It's Personal: Why This Energy Mogul Is Giving for Neurogenerative Disorders

This week, Western University in London, Ontario, announced a $5 million gift from Jim and Louise Temerty and the Temerty Family Foundation. The money is going specifically toward prevention, detection, and treatment of neurodegenerative disorders like ALS, Alzheimer’s, and Parkinson’s disease, and like a lot of big gifts from family foundations, there’s a personal connection

But first, let’s talk about the details of the gift. It’s an interesting one: The $5 million grant is going to be used for a five-year-long collaborative study to be conducted at the university’s Schulich School of Medicine and Dentistry. It’ll be led by the dean, Michael J. Strong, and bring in folks from the Ontario Brain Institute.

Basically, it will turn Western University into a hub for neurodegenerative disease research. With this support from the Ontario Brain Institute, a rotating cast of clinicians, scientists, and researchers will travel to the university to work together to find cures.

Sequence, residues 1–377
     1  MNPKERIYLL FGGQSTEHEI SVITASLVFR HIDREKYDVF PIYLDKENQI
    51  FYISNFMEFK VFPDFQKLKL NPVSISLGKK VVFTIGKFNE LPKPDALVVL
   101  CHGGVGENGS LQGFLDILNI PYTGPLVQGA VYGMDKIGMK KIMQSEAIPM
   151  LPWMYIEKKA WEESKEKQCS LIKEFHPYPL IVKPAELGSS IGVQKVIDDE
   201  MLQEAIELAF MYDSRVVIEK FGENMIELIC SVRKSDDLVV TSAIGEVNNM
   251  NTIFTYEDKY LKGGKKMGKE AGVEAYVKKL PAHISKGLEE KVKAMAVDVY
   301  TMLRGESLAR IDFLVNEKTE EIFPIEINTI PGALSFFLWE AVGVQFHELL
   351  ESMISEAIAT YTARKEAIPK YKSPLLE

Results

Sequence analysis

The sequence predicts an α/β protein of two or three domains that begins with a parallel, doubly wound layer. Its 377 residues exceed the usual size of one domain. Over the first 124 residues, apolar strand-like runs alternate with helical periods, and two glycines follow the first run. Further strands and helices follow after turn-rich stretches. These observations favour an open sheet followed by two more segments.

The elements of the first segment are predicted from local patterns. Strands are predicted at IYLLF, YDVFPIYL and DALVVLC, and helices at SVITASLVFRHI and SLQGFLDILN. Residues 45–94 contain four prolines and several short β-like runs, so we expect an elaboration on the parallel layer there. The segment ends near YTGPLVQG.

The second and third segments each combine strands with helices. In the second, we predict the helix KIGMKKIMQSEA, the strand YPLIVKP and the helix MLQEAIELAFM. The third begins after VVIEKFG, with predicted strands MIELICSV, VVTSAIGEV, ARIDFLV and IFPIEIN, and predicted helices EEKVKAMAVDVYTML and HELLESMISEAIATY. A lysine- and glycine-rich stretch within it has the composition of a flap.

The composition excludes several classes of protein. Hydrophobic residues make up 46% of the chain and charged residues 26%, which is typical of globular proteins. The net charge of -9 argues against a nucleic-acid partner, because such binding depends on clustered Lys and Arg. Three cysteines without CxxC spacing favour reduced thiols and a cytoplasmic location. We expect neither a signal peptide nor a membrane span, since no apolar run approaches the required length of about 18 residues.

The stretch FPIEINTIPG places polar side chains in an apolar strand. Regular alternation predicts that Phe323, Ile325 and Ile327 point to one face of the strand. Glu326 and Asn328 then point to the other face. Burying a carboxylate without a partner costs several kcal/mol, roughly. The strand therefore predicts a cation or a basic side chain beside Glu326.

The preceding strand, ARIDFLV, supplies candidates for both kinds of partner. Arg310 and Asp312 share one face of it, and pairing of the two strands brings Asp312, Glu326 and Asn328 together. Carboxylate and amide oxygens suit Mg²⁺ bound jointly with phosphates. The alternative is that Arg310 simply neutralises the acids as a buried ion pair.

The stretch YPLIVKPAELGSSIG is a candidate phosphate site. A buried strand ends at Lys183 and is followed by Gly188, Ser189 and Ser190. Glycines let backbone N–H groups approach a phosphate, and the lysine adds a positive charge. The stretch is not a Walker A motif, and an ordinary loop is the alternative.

This is a big deal: As Canada’s population ages, and answers for those suffering from this class of diseases continue to be scarce, there’s a real need for the sort of ground-up, collaborative work the Temertys are supporting. The ultimate goal is to look closely at the onset symptoms of these disorders, and determine if and how they overlap.

Jim Temerty's interest is, of course, the genesis of this gift. He’s the founder and board chair of Northland Power, Inc., and he and his family’s foundation have been giving big to many health and research-based charities across Canada for a long time. In 2012, he gave $7.4 million to the Centre for Addiction and Mental Health. In 2013, he gave over $3 million to the Sunnybrook Health Sciences Centre Foundation. He’s also given generously to a variety of Ukrainian programs and initiatives, because he was born in Ukraine during World War II and spent the first nine years of his life living as a refugee.

It's no secret that much healthcare philanthropy is highly personal, as we note here often, and Temerty's ALS gift is a great case study.  

Temerty’s mother had ALS, so naturally, he’s here putting his philanthropic muscle behind a promising new initiative to tackle neurodegenerative disorders. We wonder if he’s been waiting for the right time, knowing the devastation ALS can cause firsthand but not seeing any organizations setting up to take it on. If that was the case, we’re glad he found a good bet to put his money behind.